for j in (True, 1): # since if j is 0, j<26 is True, and j+1 is 1
What you probably wanted was j starting with 0 and ending with 25, which you get by
for j in xrange(26): print j, ...
0 1 2 3 4 5 6 7 8 9 10 11 12 13 14 15 16 17 18 19 20 21 22 23 24 25

(The comma at the end of the print statement is to get a space before
the next output instead of a newline).
data[4],[j] = (ref_rotor[j] - 'A'+26) % 26 Had you tried an interactive experiment, you would have had some real questions to ask ;-)
j=0
for j in xrange(26): ... data[4],[j] = (ref_rotor[j] - 'A'+26) % 26
...
Traceback (most recent call last):
File "<stdin>", line 2, in ?
NameError: name 'ref_rotor' is not defined

Ok, fix that with something ref_rotor = 'ABCDEFGHIJKLMNOPQRSTUVWXYZ' # something legal
j=0
for j in xrange(26): ... data[4],[j] = (ref_rotor[j] - 'A'+26) % 26
...
Traceback (most recent call last):
File "<stdin>", line 2, in ?
TypeError: unsupported operand type(s) for -: 'str' and 'str'

You might have had to ask at this point what that meant, but you could get closer by
trying the expressions and their terms:
(ref_rotor[j] - 'A'+26) % 26 Traceback (most recent call last):
File "<stdin>", line 1, in ?
TypeError: unsupported operand type(s) for -: 'str' and 'str'

Pare it down
(ref_rotor[j] - 'A'+26) Traceback (most recent call last):
File "<stdin>", line 1, in ?
TypeError: unsupported operand type(s) for -: 'str' and 'str'

Check pieces j 0 ref_rotor[j] 'A'

Substitute to make painfully clear
('A' - 'A'+26) Traceback (most recent call last):
File "<stdin>", line 1, in ?
TypeError: unsupported operand type(s) for -: 'str' and 'str' ('A' - 'A') Traceback (most recent call last):
File "<stdin>", line 1, in ?
TypeError: unsupported operand type(s) for -: 'str' and 'str'

What is 'A' ? type('A') <type 'str'>

Hm, characters are strings, not char types that are directly type compatible
with int. It takes a conversion. To get from single-char string to its integer code
and back:
ord('A') 65 chr(65) 'A'

Another experiment:
ord('AB') Traceback (most recent call last):
File "<stdin>", line 1, in ?
TypeError: ord() expected a character, but string of length 2 found
Now you are in a position to use ord, and get a little further:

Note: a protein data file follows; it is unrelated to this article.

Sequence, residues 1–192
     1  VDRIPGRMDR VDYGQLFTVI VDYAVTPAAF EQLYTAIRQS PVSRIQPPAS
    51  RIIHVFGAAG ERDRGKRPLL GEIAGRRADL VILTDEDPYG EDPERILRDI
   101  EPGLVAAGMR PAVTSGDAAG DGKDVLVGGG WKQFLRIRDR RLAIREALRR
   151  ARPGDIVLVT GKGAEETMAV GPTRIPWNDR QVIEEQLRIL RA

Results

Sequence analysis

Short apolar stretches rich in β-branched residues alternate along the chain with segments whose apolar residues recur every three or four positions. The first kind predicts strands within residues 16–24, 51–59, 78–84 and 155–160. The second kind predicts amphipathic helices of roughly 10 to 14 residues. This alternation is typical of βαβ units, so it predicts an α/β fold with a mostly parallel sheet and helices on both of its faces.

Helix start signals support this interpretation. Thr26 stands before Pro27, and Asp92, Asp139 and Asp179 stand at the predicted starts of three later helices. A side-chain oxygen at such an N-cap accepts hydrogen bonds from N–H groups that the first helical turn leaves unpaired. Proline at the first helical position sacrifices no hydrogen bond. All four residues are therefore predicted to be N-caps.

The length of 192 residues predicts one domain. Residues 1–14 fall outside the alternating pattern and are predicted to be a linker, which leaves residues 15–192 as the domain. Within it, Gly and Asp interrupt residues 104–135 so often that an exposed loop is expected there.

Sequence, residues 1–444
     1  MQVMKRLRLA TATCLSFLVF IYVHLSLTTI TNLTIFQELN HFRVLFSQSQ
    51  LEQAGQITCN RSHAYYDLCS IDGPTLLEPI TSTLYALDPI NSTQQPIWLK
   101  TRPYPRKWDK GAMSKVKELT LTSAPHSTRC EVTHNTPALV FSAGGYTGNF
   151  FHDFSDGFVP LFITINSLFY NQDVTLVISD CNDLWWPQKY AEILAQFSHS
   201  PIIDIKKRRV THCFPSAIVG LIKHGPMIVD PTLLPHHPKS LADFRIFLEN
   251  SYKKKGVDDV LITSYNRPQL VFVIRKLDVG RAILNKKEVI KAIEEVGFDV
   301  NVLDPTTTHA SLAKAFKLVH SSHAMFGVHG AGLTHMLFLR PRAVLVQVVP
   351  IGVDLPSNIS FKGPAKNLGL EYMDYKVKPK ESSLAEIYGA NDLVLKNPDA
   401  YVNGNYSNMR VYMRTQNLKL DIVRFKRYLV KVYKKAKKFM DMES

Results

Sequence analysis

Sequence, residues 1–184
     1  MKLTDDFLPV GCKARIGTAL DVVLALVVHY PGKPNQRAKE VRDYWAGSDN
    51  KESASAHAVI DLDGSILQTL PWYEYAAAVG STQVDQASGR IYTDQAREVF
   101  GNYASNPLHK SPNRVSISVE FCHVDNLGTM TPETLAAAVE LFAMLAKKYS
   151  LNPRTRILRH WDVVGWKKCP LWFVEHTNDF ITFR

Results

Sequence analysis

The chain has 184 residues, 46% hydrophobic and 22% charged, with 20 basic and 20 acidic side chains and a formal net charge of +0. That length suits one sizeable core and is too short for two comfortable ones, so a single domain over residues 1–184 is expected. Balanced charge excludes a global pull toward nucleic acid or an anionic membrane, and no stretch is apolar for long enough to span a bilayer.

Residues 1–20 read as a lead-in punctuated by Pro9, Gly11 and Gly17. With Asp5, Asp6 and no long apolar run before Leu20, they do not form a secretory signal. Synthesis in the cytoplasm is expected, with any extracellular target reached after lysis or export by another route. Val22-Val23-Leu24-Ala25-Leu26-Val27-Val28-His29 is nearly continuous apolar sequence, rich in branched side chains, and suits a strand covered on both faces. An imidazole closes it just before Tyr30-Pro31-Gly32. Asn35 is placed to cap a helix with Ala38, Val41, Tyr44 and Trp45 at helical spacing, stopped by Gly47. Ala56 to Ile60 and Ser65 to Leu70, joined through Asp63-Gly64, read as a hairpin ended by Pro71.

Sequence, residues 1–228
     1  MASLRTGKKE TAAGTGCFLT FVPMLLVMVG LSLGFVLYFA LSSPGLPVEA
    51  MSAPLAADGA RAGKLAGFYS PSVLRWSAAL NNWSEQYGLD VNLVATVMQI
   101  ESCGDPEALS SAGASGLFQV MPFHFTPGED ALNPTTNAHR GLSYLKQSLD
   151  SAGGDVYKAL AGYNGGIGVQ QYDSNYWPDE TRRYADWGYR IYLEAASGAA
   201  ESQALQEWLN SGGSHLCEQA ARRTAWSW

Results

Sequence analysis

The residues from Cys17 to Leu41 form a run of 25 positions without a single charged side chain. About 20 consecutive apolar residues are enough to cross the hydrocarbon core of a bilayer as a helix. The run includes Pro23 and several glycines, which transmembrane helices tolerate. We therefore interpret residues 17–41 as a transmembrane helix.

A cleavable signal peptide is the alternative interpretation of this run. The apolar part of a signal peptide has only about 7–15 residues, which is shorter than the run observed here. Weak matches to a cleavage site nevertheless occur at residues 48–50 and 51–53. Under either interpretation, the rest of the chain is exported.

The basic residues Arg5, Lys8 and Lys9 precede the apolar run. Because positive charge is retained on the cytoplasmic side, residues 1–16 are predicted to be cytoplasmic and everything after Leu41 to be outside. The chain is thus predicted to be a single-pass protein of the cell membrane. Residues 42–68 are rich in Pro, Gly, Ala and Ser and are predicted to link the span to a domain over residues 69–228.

j=0
for j in xrange(26): ... data[4],[j] = (ord(ref_rotor[j]) - ord('A')+26) % 26
...
Traceback (most recent call last):
File "<stdin>", line 2, in ?
TypeError: unpack non-sequence

Was the right hand side a problem? j 0 (ord(ref_rotor[j]) - ord('A')+26) % 26 0

Apparently not, so what it was trying to do was
data[4],[j] = 0 Traceback (most recent call last):
File "<stdin>", line 1, in ?
TypeError: unpack non-sequence

What was it trying to unpack? And why?
Well, you might have known if you had been through the tutorial, but at least
you would have had a specific question about a specific error at this point.

Note: a, b = 0 Traceback (most recent call last):
File "<stdin>", line 1, in ?
TypeError: unpack non-sequence

I.e., when you have commas (or even one) on the left hand side of an assignment,
that is asking python to unpack a sequence on the right hand side and assign to
corresponding items on the left. So e.g.,
a, b = 0, 1 will unpack the tuple formed by 0, 1 a 0 b 1
You can unpack any sequence of the same length, and strings happen to be sequences:
a,b = 'XY'
a 'X' b 'Y'

Ok, enough of that. The comma was obviously a problem so, try it without:

data[4][j] = 0

Traceback (most recent call last):
File "<stdin>", line 1, in ?
NameError: name 'data' is not defined

I could go on, but IMO if you expect help, you should do your part, and at least
post code that you have tried and which compiles or runs up to the point where
it shows an error that you need help with.

And show a verbatim copy/paste from your interactive session, not uncompilable
and obviously totally untested stuff.

for i in i<4, i+1:
step[i-1] = step_data[order[i-1]]
for j in j<26, j+1:
data[i],[j] = (rotor[order[i-1]],[j]-'A'+26)%26
data[8-i],[data[i],[j]] = j
void
init_mach( void )
{
int i, j;
int ds;
int u, v;

/* setup rotor data */
for (j=0;j<26;j++)
data[4][j] = ((int)ref_rotor[j]-'A'+26)%26;

for (i=1;i<4;i++)
{
step[i-1] = step_data[order[i-1]];
for (j=0;j<26;j++)
{
data[i][j] = ((int)(rotor[order[i-1]][j])-'A' + 26) % 26;
data[8-i][data[i][j]] = j;
}
}

Now, do I need to start boning up on lists and how to use them or am I
missing the bigger picture?? Again, for the complete code see
http://home.earthlink.net/~lvraab. I'm not asking you to do it for me,
just some pointers on going about this.


You are obviously not yet familiar with python, but a few hours with the
introduction and tutorials should help a lot. Then post something that
compiles. Or a snippet that does something you don't understand.

This is about all I have patience for this time. I really have other stuff to do.

Regards,
Bengt Richter
Jul 18 '05 #21